Hot pot, less commonly Chinese fondue or steamboat, refers to several East Asian varieties of stew, consisting of a simmering metal pot of stock at the center of the dining table. While the hot pot is kept simmering, ingredients are placed into the pot and are cooked at the table. Typical hot pot dishes include thinly sliced meat, leafy vegetables, mushrooms, wontons, egg dumplings, and seafood. The cooked food is usually eaten with a dipping sauce. In many areas, hot pot meals are often eaten in the winter.
Some have claimed that the Asian hot pot tradition had its origins in the region of Mongolia, even before the rise of the Mongols, although there is little historical evidence to support this, including the fact that hot pot is not a part of Mongolian cuisine but rather Chinese cuisine. Another more likely claim of origin is from near the Sichuan province of China, more specifically - the Ba region surrounding the municipality of Chongqing. In any event, the practice of hot pot spread to other parts of Asia through Chinese influence.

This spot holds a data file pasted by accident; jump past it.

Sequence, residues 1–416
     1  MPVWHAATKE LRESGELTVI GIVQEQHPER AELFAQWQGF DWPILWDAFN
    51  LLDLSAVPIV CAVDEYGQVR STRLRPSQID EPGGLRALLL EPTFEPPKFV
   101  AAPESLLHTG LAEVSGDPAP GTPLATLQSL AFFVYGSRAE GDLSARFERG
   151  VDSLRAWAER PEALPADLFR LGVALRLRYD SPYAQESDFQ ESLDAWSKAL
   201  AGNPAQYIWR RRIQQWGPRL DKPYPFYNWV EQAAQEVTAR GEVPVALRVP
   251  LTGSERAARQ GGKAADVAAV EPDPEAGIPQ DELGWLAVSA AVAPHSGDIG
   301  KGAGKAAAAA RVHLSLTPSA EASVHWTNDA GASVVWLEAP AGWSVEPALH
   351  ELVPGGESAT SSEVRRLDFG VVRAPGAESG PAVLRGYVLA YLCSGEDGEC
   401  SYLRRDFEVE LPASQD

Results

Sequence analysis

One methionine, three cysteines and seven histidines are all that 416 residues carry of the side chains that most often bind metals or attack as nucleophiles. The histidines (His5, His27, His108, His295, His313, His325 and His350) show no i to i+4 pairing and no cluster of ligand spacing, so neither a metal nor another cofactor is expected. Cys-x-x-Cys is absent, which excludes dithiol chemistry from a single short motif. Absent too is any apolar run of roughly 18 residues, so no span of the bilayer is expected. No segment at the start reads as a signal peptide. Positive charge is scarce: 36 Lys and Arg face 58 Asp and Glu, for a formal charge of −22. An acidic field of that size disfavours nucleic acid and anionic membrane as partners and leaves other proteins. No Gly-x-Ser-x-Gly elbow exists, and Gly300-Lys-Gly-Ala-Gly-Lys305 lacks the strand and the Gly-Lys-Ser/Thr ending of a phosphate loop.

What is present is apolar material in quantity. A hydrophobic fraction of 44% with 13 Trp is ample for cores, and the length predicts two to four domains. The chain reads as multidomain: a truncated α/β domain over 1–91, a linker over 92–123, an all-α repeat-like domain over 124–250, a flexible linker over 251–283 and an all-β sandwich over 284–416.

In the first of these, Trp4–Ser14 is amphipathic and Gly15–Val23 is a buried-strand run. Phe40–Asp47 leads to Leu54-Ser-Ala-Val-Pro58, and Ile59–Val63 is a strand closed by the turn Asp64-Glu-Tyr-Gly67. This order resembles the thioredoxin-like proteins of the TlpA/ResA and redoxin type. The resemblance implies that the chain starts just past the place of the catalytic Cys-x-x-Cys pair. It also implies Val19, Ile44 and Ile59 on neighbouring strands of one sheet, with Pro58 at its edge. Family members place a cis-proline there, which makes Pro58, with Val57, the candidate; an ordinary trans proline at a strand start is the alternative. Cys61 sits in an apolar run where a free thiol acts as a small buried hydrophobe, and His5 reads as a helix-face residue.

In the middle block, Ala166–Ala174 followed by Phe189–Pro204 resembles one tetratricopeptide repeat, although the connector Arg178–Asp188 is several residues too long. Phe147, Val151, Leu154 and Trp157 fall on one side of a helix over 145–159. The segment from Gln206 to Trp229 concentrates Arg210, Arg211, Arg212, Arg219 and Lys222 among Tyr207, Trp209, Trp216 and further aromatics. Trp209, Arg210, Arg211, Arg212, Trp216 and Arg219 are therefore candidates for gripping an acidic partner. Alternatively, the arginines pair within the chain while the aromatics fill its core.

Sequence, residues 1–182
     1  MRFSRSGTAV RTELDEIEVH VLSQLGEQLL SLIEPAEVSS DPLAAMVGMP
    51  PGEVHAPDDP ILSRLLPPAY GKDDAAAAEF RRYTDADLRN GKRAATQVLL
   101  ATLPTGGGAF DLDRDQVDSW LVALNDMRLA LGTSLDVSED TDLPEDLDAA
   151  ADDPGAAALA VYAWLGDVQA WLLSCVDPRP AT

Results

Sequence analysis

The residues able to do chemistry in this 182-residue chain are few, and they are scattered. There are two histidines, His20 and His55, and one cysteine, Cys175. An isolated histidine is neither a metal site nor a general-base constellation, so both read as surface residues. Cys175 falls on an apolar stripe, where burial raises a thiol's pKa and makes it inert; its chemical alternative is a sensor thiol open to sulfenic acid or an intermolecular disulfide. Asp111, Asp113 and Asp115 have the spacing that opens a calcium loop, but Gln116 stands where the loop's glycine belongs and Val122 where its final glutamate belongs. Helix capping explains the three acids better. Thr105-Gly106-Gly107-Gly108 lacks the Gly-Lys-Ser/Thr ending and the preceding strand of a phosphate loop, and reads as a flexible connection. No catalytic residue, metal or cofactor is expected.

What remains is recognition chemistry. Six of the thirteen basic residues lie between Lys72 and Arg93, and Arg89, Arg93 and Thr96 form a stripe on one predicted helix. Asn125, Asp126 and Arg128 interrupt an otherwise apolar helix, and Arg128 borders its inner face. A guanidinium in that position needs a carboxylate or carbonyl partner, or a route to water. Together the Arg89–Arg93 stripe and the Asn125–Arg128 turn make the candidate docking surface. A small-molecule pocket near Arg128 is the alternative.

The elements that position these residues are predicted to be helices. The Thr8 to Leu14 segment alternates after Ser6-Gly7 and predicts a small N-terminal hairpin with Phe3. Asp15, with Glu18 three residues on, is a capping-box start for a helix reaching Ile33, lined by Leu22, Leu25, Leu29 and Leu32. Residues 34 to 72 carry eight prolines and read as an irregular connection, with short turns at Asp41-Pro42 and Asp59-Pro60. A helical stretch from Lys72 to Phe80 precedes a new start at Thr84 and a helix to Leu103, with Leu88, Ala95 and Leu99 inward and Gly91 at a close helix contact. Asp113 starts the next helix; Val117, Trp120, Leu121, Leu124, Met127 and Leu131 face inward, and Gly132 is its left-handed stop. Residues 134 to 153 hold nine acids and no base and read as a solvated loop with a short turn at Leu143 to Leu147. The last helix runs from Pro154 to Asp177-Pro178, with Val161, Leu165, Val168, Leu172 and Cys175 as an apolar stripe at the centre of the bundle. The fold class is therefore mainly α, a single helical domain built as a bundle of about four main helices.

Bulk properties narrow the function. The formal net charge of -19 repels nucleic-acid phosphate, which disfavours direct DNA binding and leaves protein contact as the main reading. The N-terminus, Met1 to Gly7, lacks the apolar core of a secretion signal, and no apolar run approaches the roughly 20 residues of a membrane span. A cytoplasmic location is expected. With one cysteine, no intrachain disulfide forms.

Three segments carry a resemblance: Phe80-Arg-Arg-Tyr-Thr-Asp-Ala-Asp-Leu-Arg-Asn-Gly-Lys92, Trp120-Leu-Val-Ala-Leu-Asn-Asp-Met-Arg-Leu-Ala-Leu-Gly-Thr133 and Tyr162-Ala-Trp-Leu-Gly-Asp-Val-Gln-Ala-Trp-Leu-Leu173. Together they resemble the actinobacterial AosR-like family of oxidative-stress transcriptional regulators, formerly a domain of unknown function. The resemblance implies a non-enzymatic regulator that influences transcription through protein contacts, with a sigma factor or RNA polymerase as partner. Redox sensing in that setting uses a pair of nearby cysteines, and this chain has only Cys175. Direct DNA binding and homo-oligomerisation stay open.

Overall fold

The Mongolian hot pot tradition originated from northern nomadic tribes. The Mongolian version of the steaming feast has been called the father of all Chinese hot pot. The Chinese hot pot boasts a history of more than 1000 years. Both the preparation method and the required equipment are unknown in the cuisine of Mongolia of today. Due to the complexity and specialization of the utensils and the method of eating it, hot pot cooking is much ...